SAMPLE BLOGS - Read more on the Blog page.
Storing Stuff in the Garage
by James Adams, Guest Columnist
We've all seen them; the garages that make you cringe. Items thrown about, cobwebs covering everything, and maybe even a rodent or two hiding in a couple of old boxes. You start to feel like your own garage is a haunted house and you fear even walking through it! However, not to worry, the following tips will get your garage in immaculate shape and will help you keep it that way.
Throw it Away!
You might be surprised how much room your broken or unwanted items are taking up. Go through your garage sorting through things that are broken and things that you want to give away. If you have a lot of things you want to give away, you could even have a small yard sale!
Escort the Critters Out
If your garage did indeed have critters living in it, go ahead and remove them. Be careful and watch for any wasp nests or harmful spiders. Unfortunately, you may need wasp spray and mouse traps to get the job done.
Organize, Organize, Organize!
Most garage's fail because we fail to organize them. Whether you have too many tools, boxes, or whatever other miscellaneous your garage might be housing, you can organize it to reduce the space it takes up. Additionally, by organizing your items, you'll be able to easily find whatever you're looking for instead of having to rummage through the entire garage to find it.
Lawn Tools Organization
If you have a lot of lawn tools in your garage, it can your garage must cleaner and your life easier if you organize them efficiently. By installing hooks for rakes, shovels, and other lawn tools, you can avoid clutter on the floor and reduce the danger of tripping over your lawn tools when moving around in your garage.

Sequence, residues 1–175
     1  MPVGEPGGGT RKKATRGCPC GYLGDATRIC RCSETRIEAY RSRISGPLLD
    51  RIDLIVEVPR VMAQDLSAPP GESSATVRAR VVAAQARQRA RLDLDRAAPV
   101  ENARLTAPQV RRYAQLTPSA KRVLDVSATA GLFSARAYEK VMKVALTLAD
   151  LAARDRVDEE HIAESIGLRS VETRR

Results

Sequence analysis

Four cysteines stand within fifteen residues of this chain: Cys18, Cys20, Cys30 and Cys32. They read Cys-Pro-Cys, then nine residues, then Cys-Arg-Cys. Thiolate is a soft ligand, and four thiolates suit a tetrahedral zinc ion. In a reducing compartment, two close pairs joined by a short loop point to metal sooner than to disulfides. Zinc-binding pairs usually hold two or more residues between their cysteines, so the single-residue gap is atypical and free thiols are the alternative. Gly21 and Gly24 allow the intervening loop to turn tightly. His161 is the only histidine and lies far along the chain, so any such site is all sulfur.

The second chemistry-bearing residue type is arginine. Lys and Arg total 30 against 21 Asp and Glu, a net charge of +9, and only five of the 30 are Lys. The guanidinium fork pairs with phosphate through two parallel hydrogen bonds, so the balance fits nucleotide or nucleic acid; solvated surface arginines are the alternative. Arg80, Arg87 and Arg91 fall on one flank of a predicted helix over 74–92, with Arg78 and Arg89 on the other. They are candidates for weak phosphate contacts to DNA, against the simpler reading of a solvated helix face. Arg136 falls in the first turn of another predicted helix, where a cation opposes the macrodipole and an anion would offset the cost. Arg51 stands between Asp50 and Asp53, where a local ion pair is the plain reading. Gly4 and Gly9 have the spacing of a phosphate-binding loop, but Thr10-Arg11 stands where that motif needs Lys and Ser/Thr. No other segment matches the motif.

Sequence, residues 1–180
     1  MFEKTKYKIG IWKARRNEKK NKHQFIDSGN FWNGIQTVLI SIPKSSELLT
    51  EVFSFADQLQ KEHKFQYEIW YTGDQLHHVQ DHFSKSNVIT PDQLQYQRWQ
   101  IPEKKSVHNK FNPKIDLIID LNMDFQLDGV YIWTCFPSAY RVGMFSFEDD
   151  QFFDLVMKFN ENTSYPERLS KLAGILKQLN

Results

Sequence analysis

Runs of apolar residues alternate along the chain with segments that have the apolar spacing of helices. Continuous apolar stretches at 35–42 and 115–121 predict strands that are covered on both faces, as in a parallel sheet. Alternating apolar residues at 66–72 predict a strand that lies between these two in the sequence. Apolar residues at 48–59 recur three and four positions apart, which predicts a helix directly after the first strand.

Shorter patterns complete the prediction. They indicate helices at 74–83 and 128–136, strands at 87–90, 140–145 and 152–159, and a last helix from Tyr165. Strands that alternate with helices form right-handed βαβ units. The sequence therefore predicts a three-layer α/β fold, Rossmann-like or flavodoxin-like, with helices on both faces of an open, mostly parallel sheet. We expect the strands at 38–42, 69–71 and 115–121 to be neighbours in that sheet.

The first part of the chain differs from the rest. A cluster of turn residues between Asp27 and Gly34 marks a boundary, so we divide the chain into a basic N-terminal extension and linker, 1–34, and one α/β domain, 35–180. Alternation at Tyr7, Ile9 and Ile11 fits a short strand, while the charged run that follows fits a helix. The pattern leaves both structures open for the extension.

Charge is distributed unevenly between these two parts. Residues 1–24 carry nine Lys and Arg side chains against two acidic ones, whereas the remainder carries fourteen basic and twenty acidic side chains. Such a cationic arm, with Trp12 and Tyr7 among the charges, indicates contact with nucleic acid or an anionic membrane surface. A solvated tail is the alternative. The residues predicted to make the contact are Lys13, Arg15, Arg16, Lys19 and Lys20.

Most people have so many tools in their garage they don't even know how to began organizing them. However, the first step is easy! Purchase a tool box and go to work! If you feel a bit lost in organizing your tools, try being creative. For example, try color coding to keep all of your tools together and organized. Instead of just throwing your small tools, such as drill bits, into a box, organize those as well and find a compartment, small box, or even small bag to keep them all together.
Have the Right Stuff
Don't slack on your organizing, if you need to buy a few items to make sure your garage is perfectly organized, go for it! For example, if you have loose bikes in your garage, you'll want to considering purchasing bike racks. Or, if you have many loose, unruly items that need shelving, make sure you find the perfect shelving so that your new organizational system will stick.
No matter how big of a project organizing your garage may seem, with time, work, and creative thinking, you'll have a clean, organized garage in no time! Just remember to be patient and persistent; no matter how incorrigible your garage may seem, it can and will be whipped into shape!
Spring Cleaning the manly way.
“Spring Cleaning” originated in the days when people heated and lit their homes by burning wood, oil and candles. Come Spring, everything had a coating of greasy, sooty grime. Cleaning was imperative!
Today, the spring cleaning tradition continues. But for guys, the thought of tackling this big, intimidating job can make you weep like a little girlie-man. Here are some ways to finesse it.
Plan, don’t panic
You don’t have to do it all in one day, nor live up to Martha Stewart’s standards. If you’re married you've got help. If you have kids, well…you’re in delegating heaven, home boy!
Start with a list
- It gives you a plan to follow.
- You can cross things off as you finish them and enjoy a feeling of accomplishment.
- You can see that the entire job is finite, which reduces the shock and awe factor.
Do one thing at a time, several things a day, or spread tasks across several weekends. You can even…wait for it…actually SKIP the tasks you decide are less important.
I suggest: setting aside one weekend to finish everything. Your momentum will carry you through, and then you’ll be done with it.